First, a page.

you are quite right to expect that it should. I've just done some tests and
it seems that the assembler outputs are equivalent and the performance is not
significantly different.

Looks like I over-simplified my example. Let me try again. Here are two code
snippets which do the same thing:

let rec eval state =
let eval = eval state in
function
`Int i -> i
| `Var s -> List.assoc s state
| `Add (a, b) -> eval a + eval b;;

let rec eval state t =
let eval = eval state in
match t with
`Int i -> i
| `Var s -> List.assoc s state
| `Add (a, b) -> eval a + eval b;;

I factored out the common subexpression "eval state" to shrink the code.
However, the latter version is significantly faster (IIRC).

I think the reason is that the subtle difference in order of evaluation causes
ocamlopt to make an unnecessary closure in the first case. I believe that
optiming away this closure would be very difficult. It probably requires a
proof that "eval" is purely functional, for a start.

--
Dr Jon D Harrop, Flying Frog Consultancy Ltd.
Technical Presentation Software
http://www.ffconsultancy.com/products/presenta
• ... Yes I do. English is not my native language, and sometimes I realy do big mistake... ... [...] ... [...] Those two example must not be compiled in the same
Message 11 of 19 , Jul 11, 2005
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2005/7/11, Jon Harrop <jon@...>:

>
> Do you mean you prefer the latter (rather than the former) because it makes it
> more obvious that it is a 3 argument function?

Yes I do. English is not my native language, and sometimes I realy do
big mistake...

> Looks like I over-simplified my example. Let me try again. Here are two code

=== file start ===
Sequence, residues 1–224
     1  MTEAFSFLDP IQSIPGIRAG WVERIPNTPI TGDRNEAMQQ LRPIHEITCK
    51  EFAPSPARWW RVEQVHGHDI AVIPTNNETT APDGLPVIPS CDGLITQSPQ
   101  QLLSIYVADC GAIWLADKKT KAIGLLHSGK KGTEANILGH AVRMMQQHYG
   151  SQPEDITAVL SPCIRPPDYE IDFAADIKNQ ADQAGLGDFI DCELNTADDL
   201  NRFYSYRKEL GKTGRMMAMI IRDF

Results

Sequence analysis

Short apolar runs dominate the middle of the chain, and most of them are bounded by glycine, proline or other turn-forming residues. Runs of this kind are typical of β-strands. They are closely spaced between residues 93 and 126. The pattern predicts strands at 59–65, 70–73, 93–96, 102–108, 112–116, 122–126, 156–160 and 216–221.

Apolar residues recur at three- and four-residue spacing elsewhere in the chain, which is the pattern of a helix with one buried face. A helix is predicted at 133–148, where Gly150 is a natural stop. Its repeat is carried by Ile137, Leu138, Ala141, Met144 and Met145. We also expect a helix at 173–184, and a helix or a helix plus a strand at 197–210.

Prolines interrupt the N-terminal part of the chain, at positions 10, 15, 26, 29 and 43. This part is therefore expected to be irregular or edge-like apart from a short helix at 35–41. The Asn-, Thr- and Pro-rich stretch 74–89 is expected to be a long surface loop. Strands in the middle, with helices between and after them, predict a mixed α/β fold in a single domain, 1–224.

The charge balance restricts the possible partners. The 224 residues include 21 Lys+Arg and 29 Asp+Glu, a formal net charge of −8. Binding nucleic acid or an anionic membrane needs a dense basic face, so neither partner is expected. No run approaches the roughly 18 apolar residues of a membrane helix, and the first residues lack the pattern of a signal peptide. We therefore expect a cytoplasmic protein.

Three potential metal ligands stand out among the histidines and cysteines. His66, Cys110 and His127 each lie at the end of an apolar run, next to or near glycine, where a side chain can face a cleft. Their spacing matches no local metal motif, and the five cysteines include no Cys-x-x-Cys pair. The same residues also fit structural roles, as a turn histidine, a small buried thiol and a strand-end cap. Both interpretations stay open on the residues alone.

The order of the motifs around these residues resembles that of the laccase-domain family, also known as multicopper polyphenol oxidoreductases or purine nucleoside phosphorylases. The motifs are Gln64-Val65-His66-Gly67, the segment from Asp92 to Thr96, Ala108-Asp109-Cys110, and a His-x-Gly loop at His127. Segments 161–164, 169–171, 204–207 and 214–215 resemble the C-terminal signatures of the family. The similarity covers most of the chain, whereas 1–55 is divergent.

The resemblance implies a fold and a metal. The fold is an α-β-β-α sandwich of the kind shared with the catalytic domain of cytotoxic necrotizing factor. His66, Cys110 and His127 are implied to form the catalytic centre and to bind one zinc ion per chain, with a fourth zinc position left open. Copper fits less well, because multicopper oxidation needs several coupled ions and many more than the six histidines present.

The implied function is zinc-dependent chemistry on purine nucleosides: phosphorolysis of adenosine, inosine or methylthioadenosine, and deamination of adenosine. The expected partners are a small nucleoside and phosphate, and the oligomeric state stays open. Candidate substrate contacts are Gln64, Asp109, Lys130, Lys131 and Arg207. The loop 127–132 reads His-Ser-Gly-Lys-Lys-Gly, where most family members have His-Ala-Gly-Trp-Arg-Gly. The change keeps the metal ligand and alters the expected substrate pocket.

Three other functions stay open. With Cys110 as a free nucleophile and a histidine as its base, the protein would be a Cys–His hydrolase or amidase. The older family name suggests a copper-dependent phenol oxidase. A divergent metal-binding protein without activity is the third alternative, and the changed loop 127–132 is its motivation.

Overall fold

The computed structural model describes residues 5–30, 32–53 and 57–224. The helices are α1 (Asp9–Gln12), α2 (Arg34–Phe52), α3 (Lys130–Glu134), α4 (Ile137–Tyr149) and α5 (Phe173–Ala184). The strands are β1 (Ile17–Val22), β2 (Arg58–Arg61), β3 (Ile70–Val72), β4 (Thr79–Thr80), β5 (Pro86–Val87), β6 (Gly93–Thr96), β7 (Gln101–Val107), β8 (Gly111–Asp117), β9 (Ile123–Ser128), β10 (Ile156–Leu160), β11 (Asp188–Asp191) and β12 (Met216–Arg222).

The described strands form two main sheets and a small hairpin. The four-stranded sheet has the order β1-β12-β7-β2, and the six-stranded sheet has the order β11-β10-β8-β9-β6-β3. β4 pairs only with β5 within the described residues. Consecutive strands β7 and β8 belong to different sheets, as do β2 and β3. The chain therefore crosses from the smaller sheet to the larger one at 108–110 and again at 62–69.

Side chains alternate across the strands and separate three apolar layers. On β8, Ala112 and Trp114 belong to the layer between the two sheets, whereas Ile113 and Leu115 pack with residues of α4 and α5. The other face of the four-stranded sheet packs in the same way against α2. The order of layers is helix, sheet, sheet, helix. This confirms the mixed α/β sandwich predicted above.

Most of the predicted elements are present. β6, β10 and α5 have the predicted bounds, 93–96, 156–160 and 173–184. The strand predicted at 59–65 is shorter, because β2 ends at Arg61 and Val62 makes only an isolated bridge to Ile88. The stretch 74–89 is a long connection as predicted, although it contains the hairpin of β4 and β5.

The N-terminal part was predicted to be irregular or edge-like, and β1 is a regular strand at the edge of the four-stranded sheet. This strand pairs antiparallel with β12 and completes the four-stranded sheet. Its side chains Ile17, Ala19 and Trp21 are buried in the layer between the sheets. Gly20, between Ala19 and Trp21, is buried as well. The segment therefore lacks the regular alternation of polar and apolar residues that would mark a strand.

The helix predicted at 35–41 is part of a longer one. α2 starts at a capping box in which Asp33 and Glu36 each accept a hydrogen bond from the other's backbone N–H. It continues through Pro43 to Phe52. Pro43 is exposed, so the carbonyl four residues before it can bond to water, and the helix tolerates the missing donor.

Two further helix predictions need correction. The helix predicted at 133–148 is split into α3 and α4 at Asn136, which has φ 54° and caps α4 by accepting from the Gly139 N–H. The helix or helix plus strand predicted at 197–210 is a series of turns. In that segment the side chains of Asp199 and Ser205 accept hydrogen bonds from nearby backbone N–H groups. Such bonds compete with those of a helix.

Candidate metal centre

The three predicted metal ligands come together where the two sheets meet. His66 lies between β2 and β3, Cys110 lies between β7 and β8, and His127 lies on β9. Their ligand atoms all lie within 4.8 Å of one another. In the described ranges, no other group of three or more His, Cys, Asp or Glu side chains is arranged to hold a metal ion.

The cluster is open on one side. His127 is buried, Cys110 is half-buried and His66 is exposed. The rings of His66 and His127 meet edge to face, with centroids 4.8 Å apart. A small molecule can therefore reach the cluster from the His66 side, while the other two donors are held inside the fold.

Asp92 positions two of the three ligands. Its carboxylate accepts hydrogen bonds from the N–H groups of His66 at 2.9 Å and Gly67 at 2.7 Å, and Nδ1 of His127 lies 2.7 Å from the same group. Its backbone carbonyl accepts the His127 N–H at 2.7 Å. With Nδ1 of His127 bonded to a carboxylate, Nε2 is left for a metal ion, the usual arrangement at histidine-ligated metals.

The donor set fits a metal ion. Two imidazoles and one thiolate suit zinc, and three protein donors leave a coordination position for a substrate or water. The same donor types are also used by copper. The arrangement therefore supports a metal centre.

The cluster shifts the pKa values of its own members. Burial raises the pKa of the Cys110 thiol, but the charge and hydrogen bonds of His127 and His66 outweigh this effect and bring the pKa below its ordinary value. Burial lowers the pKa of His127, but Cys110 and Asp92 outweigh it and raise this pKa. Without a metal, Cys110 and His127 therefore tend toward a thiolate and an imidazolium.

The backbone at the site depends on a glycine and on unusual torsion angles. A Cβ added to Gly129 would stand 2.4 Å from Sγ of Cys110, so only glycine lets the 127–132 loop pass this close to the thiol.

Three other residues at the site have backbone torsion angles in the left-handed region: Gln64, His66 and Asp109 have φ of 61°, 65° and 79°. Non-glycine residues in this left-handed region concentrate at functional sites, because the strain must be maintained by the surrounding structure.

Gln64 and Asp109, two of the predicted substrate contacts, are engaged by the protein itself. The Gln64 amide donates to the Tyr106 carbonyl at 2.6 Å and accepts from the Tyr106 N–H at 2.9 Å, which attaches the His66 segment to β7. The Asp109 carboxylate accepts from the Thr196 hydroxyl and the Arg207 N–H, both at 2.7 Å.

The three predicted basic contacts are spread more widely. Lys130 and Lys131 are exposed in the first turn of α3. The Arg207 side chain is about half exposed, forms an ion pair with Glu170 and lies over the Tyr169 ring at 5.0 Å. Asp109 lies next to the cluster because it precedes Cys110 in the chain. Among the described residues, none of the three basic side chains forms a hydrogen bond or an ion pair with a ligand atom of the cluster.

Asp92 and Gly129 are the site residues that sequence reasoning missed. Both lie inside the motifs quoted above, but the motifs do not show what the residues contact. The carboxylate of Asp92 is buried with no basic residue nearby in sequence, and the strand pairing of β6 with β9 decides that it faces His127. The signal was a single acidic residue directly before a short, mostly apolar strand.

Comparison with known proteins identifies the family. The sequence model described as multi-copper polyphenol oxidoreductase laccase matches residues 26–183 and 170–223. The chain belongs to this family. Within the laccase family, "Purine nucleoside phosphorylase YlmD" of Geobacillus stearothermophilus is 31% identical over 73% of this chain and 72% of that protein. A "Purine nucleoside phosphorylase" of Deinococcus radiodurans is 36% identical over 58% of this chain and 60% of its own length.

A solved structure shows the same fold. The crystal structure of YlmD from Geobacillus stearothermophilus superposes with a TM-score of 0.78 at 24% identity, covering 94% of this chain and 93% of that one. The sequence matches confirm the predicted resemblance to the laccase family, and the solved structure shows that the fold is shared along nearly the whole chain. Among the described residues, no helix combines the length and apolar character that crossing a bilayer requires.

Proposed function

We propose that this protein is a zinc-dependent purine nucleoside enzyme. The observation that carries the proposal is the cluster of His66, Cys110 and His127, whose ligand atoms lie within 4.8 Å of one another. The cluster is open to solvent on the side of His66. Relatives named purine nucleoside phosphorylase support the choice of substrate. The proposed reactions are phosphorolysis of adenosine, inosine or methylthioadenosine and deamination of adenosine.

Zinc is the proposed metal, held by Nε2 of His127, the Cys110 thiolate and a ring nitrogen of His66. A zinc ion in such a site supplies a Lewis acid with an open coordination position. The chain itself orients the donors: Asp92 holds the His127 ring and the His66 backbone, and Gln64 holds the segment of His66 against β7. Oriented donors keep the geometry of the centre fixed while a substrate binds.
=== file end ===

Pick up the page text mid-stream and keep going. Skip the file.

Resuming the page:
> snippets which do the same thing:

>
> let rec eval state =
> let eval = eval state in
> function

[...]

>
> let rec eval state t =
> let eval = eval state in
[...]

Those two example must not be compiled in the same way, because in
case of partial application they should not do the same thing (imagine
that (eval state) print somethig for example). So they are not
equivalent anymore. More precisely, what is equivalent is :

let f x y z = match z with ...
and
let f x y = function ...

with nothing between the = and the match/the function.
• ... They are not compiled in the same way. I do not believe that they must not be compiled in the same way, as you say, in this particular case. ... No, I
Message 12 of 19 , Jul 11, 2005
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On Monday 11 July 2005 20:27, Remi Vanicat wrote:
> Those two example must not be compiled in the same way,

They are not compiled in the same way. I do not believe that they "must not"
be compiled in the same way, as you say, in this particular case.

> because in
> case of partial application they should not do the same thing
> (imagine that (eval state) print somethig for example). So they are not
> equivalent anymore...

No, I think they really are equivalent. It is just that proving this
equivalence is suddenly much harder and is beyond the capability of ocamlopt.

Note that I was careful to choose a self-contained example where the recursive
"eval" function clearly doesn't print anything (or have any side effects). I
came across this coding style (as you can tell) when writing an interpreter
in a purely functional style.

From the programmers point of view, the common subexpression elimination is a
simple, easy and helpful thing to do. I was surprised to find a significant
performance difference here. Now that I have studied a bit about how to write
ML compilers, the difference from the compiler's point of view is clear to me